The candidate most left on the sidelines since Mr. Trump’s nod at Mr. Vance, according to polls, has been Jane Timken. The only woman running, Ms. Timken was endorsed by Ohio’s retiring senator, Rob Portman, a center-right throwback to an earlier Ohio G.O.P. who voted with Senate Democrats for the bipartisan infrastructure bill.

Ms. Timken has solid Trump-era credentials — she chaired the state party while Mr. Trump was in office — but she does not mimic the former president’s aggrieved style, which has been a key to unlocking the most fervent Republican voters. She has set herself apart from rivals who she says seek every day to get themselves “canceled on Twitter” with their statements and antics.

In a debate in March, Mr. Mandel nearly got into a physical confrontation with Mr. Gibbons.

At a Baptist church in Columbus on Saturday, Mr. Mandel took aim at popular targets of the right, including transgender people, Republicans with “jelly knees” like Senator Mitt Romney of Utah and the “liberal media in the back of the room” (just minutes after greeting reporters amicably by name in a private room).

Fitting the setting, the largely older crowd in the pews called out encouraging “amens!” or groaned audibly when Mr. Mandel named enemies.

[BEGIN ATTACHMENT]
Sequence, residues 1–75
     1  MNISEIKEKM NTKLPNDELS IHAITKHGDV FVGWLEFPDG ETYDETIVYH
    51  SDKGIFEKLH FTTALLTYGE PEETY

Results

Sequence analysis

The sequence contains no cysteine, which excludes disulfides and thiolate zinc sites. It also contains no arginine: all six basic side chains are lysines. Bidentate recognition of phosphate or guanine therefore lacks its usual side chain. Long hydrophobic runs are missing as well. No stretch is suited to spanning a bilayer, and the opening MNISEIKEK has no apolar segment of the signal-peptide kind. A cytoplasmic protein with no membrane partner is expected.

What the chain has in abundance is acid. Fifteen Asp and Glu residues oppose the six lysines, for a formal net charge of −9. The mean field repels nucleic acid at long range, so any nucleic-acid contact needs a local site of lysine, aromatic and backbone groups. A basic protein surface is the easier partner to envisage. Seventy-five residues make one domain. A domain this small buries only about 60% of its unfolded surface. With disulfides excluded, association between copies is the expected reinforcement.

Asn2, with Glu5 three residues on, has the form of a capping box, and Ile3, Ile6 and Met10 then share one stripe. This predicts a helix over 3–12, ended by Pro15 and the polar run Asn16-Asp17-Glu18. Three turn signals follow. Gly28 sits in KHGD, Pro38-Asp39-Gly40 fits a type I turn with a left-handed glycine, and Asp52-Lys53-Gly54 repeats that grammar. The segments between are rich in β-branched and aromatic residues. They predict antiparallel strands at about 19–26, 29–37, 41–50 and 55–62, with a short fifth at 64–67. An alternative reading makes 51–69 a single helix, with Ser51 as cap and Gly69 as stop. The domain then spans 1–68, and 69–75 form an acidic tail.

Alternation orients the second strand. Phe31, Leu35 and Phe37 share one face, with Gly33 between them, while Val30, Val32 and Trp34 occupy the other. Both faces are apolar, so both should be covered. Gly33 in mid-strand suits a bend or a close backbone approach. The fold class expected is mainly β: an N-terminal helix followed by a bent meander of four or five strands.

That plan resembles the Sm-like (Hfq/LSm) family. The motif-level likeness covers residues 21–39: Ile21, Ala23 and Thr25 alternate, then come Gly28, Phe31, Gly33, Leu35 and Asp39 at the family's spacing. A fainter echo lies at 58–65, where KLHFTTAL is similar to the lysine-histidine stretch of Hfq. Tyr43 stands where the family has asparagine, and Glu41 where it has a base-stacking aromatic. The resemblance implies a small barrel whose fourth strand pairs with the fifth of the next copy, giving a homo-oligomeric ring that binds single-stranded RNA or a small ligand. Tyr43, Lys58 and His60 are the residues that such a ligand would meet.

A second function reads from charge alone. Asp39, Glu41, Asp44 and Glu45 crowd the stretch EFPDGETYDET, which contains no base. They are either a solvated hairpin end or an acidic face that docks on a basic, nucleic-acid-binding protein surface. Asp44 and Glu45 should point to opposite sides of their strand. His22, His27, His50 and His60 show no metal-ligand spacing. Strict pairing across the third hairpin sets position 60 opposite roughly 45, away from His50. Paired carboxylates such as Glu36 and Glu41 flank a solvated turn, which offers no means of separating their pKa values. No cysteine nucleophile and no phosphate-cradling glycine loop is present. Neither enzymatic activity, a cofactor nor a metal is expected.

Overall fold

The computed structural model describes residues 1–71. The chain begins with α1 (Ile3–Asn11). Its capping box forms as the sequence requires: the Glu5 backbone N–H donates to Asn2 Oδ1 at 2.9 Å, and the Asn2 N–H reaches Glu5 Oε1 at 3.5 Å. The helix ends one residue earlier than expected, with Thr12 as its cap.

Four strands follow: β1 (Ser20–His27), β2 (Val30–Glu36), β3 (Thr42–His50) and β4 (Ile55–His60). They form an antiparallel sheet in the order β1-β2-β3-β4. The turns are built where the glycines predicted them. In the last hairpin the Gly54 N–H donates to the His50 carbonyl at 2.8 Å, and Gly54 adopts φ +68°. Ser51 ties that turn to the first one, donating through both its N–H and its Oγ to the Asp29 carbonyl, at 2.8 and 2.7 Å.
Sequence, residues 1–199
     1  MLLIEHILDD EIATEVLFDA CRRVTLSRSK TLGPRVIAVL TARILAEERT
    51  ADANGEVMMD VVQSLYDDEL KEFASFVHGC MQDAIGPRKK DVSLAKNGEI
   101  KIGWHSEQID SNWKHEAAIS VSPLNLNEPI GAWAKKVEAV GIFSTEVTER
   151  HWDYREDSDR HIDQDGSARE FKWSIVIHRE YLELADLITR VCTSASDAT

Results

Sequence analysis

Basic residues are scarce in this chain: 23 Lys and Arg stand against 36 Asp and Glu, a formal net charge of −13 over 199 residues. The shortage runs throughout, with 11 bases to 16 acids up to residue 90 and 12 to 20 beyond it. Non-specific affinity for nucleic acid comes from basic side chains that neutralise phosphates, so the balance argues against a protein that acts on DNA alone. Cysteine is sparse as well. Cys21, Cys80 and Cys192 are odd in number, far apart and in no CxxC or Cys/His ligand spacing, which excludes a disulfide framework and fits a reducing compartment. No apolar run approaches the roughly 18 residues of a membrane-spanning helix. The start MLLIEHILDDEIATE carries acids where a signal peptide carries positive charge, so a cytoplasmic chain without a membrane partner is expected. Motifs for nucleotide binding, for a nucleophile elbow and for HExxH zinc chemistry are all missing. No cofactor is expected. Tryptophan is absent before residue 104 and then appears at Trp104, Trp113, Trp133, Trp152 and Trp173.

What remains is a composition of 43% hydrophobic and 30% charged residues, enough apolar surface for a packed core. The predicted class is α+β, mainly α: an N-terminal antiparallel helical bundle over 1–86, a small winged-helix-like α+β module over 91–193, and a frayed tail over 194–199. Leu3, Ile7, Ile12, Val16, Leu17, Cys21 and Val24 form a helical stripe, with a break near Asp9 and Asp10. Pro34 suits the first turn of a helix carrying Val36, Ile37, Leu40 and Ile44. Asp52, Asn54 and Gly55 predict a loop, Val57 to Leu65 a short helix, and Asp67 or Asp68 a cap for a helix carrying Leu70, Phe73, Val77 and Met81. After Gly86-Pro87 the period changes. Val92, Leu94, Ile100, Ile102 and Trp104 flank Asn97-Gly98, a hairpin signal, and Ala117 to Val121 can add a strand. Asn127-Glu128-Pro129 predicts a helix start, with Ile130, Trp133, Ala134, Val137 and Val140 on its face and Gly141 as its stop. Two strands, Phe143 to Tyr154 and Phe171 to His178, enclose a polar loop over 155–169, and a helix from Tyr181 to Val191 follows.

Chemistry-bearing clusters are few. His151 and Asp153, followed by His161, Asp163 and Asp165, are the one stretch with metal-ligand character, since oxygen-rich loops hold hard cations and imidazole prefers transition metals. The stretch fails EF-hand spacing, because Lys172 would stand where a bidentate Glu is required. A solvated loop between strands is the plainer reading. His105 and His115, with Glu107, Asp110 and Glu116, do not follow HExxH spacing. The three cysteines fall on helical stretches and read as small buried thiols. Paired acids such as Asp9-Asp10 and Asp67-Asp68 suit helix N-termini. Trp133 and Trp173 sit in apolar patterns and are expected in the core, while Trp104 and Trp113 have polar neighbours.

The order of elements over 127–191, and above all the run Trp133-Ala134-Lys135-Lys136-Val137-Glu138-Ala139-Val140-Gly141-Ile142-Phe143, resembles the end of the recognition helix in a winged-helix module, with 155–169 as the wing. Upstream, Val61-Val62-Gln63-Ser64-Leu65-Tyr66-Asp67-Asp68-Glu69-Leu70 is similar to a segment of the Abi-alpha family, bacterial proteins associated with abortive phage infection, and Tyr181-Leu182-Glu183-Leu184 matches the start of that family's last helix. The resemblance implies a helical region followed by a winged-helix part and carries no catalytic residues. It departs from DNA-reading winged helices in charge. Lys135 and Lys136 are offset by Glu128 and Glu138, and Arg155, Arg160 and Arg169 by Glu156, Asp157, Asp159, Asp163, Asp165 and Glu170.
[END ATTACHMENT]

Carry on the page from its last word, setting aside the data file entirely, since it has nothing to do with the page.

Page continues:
“The reason that we’re going to win on Tuesday is because we have this army of Christian warriors throughout the state,’’ he pledged.

One pastor present, Dan Wolvin, said he “felt sorry” for Mr. Trump over the Vance endorsement, saying he was “listening to the wrong people.” Still, Mr. Wolvin predicted the Trump nod would gain Mr. Vance “about five points” on Election Day, while conceding, “it’s a lot for Josh to make up.”

Spurned or not, Mr. Mandel was still flying the Trump flag.

“I supported President Trump yesterday. I support him today, and I’ll continue to support him tomorrow,” he said. He predicted the former president would return to the White House, “and I look forward to working with him.”

The candidates, to varying degrees, all concur. Here are snapshots from around Ohio in the last weekend of campaigning.

J.D. Vance, the author and venture capitalist, bounded onto the stage at the Trout Club in Newark, Ohio, with the confidence of the nominal front-runner, a status bestowed by Mr. Trump’s endorsement on April 15.